Given the increasing demand for our services, the difficulty in finding contractors to carry out works and continuing strong drivers in the housing market, it was no surprise to see engineering high up the list of occupations cited as having the best chance for students securing employment.
It also prompted the following few comments on my part based on recent experience.
Engineering, and also Surveying and Town Planning, are exciting, varied and challenging careers with great opportunities for development and advancement. Unfortunately I think many companies are doing poorly developing their talent in the workplace. I have recently had the chance to interview and work with several students and graduates and have been impressed by the calibre of the people that the profession is attracting. However, sadly, many of these graduates enter the workplace full of enthusiasm and keen to apply their skills in their chosen career as they should but find that their initial experiences in the workplace are a far cry from the expectations they held. In my experience based on interviewing numerous disillusioned engineers and surveyors a year or two into their careers employers are frequently placing graduates into roles where the work that they are asked to do is relatively mundane and well below their level of ability. This isn’t motivating or empowering for the graduates nor does it serve the employer well. While many graduates are of the view that this is part of the learning process and that more interesting work will come as experience is gained, I don’t necessarily share this view.
The above events have given me cause to think about the responsibility companies have to provide appropriate ongoing training and career development to their staff and to relook at what we are doing as a company. I have been fortunate, through most of my career, to have good mentors and to work with motivated people. However, in contrast, I had one job where the complete opposite was true and despite a lot of great people I can only describe the organisation as desperately unhappy and it has since dissolved completely.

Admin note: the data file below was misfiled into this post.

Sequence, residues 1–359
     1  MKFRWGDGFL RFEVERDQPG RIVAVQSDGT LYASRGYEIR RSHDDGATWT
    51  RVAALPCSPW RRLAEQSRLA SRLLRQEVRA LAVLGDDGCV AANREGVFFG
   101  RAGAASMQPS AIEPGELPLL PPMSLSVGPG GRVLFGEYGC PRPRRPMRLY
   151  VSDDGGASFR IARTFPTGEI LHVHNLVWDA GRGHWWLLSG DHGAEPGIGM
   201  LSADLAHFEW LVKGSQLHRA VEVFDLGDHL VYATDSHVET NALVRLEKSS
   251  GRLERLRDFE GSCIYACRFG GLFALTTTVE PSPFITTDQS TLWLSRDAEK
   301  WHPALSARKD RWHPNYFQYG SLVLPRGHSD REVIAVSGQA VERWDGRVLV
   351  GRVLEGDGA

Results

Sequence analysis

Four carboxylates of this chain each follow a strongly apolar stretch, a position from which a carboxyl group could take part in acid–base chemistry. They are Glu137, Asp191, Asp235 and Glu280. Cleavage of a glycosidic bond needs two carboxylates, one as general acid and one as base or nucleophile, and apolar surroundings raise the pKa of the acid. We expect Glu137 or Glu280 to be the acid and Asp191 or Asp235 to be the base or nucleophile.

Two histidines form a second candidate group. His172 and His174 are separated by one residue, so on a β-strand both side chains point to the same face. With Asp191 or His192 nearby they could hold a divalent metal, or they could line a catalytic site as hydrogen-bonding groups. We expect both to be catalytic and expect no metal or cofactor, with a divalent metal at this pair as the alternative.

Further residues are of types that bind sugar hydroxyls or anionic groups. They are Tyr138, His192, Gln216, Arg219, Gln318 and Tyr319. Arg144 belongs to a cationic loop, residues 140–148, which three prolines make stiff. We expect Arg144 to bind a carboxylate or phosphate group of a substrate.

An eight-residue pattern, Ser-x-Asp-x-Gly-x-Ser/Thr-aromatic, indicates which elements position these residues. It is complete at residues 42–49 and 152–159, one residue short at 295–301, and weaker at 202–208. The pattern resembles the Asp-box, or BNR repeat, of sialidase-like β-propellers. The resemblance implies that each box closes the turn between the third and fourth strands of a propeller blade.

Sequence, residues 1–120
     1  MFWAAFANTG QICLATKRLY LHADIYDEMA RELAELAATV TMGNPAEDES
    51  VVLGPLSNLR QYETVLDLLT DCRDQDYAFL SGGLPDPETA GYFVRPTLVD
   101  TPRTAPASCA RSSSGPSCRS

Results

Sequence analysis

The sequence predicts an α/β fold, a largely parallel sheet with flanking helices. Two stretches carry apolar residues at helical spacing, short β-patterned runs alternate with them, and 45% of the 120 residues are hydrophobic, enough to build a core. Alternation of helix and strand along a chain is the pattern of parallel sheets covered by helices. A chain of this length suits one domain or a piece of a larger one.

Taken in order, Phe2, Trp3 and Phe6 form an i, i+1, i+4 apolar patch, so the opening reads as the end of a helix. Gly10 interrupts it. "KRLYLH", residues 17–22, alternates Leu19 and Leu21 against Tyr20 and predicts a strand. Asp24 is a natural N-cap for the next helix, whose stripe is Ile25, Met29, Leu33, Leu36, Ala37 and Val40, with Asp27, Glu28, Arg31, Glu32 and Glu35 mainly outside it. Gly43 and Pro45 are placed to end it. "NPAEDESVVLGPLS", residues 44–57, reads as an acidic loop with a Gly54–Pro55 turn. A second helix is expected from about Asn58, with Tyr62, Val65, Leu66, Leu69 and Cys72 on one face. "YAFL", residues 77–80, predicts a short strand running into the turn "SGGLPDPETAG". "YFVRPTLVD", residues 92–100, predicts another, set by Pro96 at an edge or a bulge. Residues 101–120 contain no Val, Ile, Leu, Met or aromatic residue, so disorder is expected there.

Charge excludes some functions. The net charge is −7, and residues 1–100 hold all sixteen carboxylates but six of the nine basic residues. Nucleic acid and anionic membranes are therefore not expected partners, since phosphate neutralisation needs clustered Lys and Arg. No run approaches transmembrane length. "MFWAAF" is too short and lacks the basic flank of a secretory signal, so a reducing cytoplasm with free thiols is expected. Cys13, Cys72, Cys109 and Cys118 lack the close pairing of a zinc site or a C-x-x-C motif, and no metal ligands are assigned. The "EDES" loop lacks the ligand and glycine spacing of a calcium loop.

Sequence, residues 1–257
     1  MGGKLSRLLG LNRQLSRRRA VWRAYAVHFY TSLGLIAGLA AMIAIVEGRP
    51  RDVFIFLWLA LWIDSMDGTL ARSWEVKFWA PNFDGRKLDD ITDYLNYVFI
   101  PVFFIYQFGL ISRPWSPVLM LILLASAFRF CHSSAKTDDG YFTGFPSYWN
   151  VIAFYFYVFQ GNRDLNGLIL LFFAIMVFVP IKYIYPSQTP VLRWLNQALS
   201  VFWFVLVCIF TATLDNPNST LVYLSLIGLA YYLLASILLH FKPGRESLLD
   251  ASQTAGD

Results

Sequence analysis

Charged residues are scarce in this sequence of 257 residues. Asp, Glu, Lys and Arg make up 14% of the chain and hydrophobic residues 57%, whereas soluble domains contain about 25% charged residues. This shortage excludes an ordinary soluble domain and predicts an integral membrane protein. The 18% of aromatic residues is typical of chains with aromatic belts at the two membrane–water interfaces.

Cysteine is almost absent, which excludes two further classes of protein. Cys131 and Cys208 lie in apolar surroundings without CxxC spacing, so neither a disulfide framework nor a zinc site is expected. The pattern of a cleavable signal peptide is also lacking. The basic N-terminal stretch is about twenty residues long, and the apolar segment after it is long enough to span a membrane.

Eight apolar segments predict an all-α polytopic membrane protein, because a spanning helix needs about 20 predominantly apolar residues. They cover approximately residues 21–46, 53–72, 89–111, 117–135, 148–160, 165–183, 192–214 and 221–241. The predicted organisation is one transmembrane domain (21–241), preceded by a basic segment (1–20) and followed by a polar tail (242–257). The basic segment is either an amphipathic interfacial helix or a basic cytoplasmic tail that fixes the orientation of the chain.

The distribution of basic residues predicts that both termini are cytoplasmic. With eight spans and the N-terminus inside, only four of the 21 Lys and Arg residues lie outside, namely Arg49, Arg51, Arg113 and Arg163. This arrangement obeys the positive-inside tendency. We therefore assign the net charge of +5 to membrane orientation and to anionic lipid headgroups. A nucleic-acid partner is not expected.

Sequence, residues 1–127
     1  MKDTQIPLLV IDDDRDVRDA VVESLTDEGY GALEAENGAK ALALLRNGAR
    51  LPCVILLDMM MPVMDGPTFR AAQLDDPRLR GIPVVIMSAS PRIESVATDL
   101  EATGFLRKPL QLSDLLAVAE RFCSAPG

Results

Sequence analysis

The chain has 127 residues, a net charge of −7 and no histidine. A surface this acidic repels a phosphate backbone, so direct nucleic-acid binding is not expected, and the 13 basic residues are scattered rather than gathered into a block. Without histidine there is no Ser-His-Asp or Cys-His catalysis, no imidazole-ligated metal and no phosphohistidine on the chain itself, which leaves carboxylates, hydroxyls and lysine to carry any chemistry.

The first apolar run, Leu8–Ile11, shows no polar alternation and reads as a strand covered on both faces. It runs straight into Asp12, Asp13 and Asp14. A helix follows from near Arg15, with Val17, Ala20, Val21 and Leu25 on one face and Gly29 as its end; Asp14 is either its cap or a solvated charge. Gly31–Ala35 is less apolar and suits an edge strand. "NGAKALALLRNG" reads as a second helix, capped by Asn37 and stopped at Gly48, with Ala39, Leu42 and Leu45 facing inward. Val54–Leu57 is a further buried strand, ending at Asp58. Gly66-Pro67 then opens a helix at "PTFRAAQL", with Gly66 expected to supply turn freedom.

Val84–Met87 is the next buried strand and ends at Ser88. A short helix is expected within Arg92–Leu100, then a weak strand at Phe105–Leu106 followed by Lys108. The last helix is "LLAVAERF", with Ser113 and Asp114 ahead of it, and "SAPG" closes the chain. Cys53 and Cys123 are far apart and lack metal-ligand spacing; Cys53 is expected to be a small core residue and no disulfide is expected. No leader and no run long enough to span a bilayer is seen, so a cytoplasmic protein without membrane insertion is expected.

I suspect that many companies think that they are doing well developing, training and motivating their staff however surely the most honest measure of this are the views of those being trained and by this measure maybe companies aren’t doing so well. It isn’t easy in the face of day to day pressures but that is no excuse.
Reflecting on my own experiences, and considering how many people I have interviewed over the years who recount similar stories, it has prompted a review of what we do as a company as the last thing we can afford is to waste the talent we have through poor training, processes that stifle learning or through having talented staff completing work that doesn’t motivate them. Last year we put a time into developing a review system which certainly worked but given the sort of feedback that we are getting from those people we are now seeking to employ it seems that we have not gone far enough. Research into the software available in this space has left us disappointed with the quality of what is on offer and consequently we have embarked on a major project to write our own internal career management software that will give staff far more guidance, feedback, support and control over their careers. This dovetails with other IT and training initiatives that we have underway. It is a fascinating process and while daunting we think we are on the right track – time will tell.
The other thought that the article, or more correctly the photo, which has women front and centre, prompted is the under -representation of women in our industry. Several female students / graduates that I have been in contact with recently have impressed me immensely. They were excited about the work they were doing and clearly had bright futures, yet ours is an industry that does not seem to attract women overall. It is unfortunate that this is the case when New Zealand needs engineers and yet we seemingly can’t attract a large portion of our population to participate. I have no idea why this as I have worked with some outstanding women engineers, surveyors and planners who put many of their male counterparts to shame.